When it comes to feeding your horse, you have many options. One important decision you’ll need to make is what kind of hay to provide them. Should you choose alfalfa for sale or grass hay for sale? The question also comes up to which one is better.
To help you decide, let’s examine the pros and cons of each type of hay.
Alfalfa hay is a type of legume hay that is high in protein and calcium. It’s often fed to pregnant mares, young horses, and performance horses because of its nutrient-rich content.
- Alfalfa hay is more nutritious than grass hay. It’s higher in protein, calcium, and other essential nutrients.
- Alfalfa hay is more digestible than grass hay. This means that your horse can absorb more nutrients from alfalfa hay.
- Alfalfa hay can help horses gain weight. If your horse is underweight, alfalfa hay can help them reach a healthy weight.
- Alfalfa hay is more expensive than grass hay.
- Alfalfa hay is higher in sugar than grass hay. This can be an issue for horses prone to obesity or laminitis.
- Alfalfa hay can cause digestive issues in some horses. If your horse isn’t used to eating alfalfa hay, they may experience digestive upset, such as diarrhea or colic.
Grass hay is the most common type of hay fed to horses. It’s lower in protein and calcium than alfalfa hay but also lower in sugar.
- Grass hay is more affordable than alfalfa hay.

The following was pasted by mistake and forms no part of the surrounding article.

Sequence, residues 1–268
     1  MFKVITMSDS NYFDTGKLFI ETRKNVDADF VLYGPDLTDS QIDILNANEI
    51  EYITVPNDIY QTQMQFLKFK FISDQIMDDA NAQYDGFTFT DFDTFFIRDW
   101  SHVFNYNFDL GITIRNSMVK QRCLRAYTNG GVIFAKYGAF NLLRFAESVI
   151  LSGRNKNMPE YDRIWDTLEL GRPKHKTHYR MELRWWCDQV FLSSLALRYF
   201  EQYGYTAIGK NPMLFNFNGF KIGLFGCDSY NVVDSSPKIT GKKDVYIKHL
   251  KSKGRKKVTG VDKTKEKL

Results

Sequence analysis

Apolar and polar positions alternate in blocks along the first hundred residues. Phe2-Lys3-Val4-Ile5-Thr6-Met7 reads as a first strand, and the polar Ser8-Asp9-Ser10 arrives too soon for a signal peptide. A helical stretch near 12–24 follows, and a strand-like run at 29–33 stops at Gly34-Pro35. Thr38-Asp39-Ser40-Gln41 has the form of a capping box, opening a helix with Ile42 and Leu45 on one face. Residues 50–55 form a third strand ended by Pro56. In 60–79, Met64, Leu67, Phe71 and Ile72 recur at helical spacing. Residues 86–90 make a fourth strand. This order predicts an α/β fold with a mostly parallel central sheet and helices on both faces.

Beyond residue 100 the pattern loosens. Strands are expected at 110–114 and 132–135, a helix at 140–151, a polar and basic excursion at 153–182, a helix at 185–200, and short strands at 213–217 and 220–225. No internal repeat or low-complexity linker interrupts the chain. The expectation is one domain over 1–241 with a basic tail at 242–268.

- Grass hay is lower in sugar than alfalfa hay, making it a good choice for horses prone to obesity or laminitis.
- Grass hay is more accessible to a horse’s digestion than alfalfa hay. If your horse has trouble digesting alfalfa hay, grass hay may be a better option.
- Grass hay is less nutritious than alfalfa hay. It’s lower in protein, calcium, and other essential nutrients.
- Grass hay is less digestible than alfalfa hay. This means that your horse will absorb fewer nutrients from grass hay.
- Grass hay can cause weight loss in some horses. If your horse is already at a healthy weight, grass hay may help them lose weight.
So, which type of hay is better? There is no simple answer to this question. The best kind of hay for your horse depends on their individual needs. If you’re unsure which type of hay is right for your horse, talk to your veterinarian or equine nutritionist for guidance.
Nutritional Information on Alfalfa Hay
Alfalfa hay is a good protein, calcium, and other essential nutrient sources. Here’s a look at the nutritional content of alfalfa hay:
- Protein: 18%
- Calcium: 2.5%
- Phosphorus: 0.4%
- Potassium: 1.8%
- Magnesium: 0.3%
- Sodium: 0.2%
- Copper: 8 ppm
- Zinc: 35 ppm
- Manganese: 30 ppm
- Iron: 170 ppm
- Folic Acid: 7 ppm
- Vitamin A: 9,000 IU/lb.
- Vitamin E: 50 IU/lb.
- Fat: 2%
- Crude Fiber: 25-30%
Nutritional Information on Grass Hay
Grass hay is a good source of fiber, but it’s lower in protein and other essential nutrients than alfalfa hay. Here’s a look at the nutritional content of grass hay:
- Protein: 8-10%
- Calcium: 0.5-1.5%
- Phosphorus: 0.2-0.4%
- Potassium: 1-2%
- Magnesium: 0.1-0.2%
- Sodium: 0-0.1%
- Copper: 2-4 ppm
- Zinc: 10-20 ppm
- Manganese: 5-10 ppm
- Iron: 50-100 ppm
- Folic Acid: 3-5 ppm
- Vitamin A: 2,000-4,000 IU/lb.
- Vitamin E: 10-20 IU/lb.
- Fat: 1-2%
- Crude Fiber: 20-30%
When it comes to hay, there are a few things to consider. If you have a pregnant, young horse, then alfalfa hay might be the best option. However, it is more expensive than grass hay. If your horse is prone to obesity or laminitis, grass hay might be the better choice since it is lower in sugar.